Full Text of the First Amendment
Congress shall make no law respecting an establishment of religion, or prohibiting the free exercise thereof; or abridging the freedom of speech, or of the press; or the right of the people peaceably to assemble, and to petition the Government for a redress of grievances.
What does The First Amendment Protect?
The First Amendment is divided into two clauses: the Establishment Clause and the Free Exercise Clause.
Basic freedoms protected by the First are:
- Freedom of Religion
- Freedom of Speech
- Freedom of the Press
- Freedom to Assemble Peaceably
- Freedom to Petition the Government for a Redress of Grievances
The Establishment Clause
“Congress shall make no law respecting an establishment of religion…”
The establishment clause, at its most fundamental level, prevents the Federal Government from establishing a national religion or from unduly favoring one religion over another.
Strict separationists believe the clause also prevents the favoring of religion over the absence of religion which has lead to a plethora of legal cases against prayer in school, prayer at school events, God in the Pledge of Allegiance and Crosses serving as memorials that appear on government land. This is more akin to a “freedom from religion” than “freedom of religion.”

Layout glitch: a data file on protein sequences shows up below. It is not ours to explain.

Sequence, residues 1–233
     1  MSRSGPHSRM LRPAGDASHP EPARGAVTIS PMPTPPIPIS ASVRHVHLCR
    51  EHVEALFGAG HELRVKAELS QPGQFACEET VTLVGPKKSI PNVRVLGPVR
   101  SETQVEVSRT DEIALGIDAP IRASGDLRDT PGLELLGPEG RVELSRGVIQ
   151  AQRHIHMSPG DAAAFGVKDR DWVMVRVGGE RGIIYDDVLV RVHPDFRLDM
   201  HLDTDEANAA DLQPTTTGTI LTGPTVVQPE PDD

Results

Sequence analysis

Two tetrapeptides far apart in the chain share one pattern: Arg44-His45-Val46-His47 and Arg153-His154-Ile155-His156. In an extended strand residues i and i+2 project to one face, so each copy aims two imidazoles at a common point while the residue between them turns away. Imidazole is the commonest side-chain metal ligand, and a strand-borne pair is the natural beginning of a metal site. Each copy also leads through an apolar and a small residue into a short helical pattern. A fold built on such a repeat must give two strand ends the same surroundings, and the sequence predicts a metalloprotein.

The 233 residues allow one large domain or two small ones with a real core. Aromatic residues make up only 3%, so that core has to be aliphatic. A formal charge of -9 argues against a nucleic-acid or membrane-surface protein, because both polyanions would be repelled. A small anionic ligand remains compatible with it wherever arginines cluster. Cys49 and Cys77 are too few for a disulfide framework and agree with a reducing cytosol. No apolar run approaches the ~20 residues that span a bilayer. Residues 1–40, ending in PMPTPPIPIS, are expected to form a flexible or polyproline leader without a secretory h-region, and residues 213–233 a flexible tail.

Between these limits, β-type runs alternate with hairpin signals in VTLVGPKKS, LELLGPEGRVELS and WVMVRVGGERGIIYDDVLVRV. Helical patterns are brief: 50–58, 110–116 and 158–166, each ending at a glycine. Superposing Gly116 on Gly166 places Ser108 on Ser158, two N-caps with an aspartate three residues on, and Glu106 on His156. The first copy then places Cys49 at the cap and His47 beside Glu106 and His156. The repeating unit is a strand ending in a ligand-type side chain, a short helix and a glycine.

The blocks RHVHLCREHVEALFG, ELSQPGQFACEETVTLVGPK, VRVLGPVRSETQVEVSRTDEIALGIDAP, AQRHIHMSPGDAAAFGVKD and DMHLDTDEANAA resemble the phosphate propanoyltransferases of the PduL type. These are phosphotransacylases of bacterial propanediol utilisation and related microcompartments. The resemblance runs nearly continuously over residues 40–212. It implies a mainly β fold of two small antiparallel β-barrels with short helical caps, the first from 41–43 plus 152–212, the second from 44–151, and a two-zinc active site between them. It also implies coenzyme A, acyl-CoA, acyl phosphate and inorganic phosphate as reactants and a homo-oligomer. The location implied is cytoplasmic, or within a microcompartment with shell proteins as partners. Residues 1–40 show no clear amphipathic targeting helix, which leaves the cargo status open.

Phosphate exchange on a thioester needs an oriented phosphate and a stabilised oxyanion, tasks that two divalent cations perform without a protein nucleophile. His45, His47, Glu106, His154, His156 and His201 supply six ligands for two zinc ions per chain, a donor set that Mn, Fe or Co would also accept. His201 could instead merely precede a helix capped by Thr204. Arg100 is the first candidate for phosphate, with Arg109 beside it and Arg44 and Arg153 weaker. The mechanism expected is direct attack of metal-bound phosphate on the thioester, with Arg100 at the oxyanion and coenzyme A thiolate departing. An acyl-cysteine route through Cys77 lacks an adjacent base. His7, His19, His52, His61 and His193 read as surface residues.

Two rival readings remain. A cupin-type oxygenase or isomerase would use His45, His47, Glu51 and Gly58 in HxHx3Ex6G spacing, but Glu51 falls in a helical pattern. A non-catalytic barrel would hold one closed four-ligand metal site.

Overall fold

Non-preferentialists believe the clause serves only “(1) to prohibit the national government from establishing a single denominational church as the official church of the United States, and (2) to prohibit the favoring of one religion or religious sect over another.” But those subscribing to this view believe that it does not stop government support of religion over non-religion or government support of religiosity in its many forms.
The jurisdictionalists believe that matters of religion belong to the states. This would allow individual states to establish religions without interference from the Federal Government.
The Free Exercise Clause
“…or prohibiting the free exercise thereof…”
The free exercise clause prevents the Federal Government from making laws that would limit religious activity. The definition of such activity has been narrowly defined as the belief and profession of religious beliefs while a broader view says the clause protects actions stemming from the core beliefs of a religion such as a Christian baker refusing to make a custom cake for a gay wedding because of his religious beliefs (Masterpiece Cakeshop v. Colorado Civil Rights Commission).
Sources: Nieli, R. (2011, Dec. 5). Interpreting the Establishment Clause. http://www.thepublicdiscourse.com/2011/12/3957/
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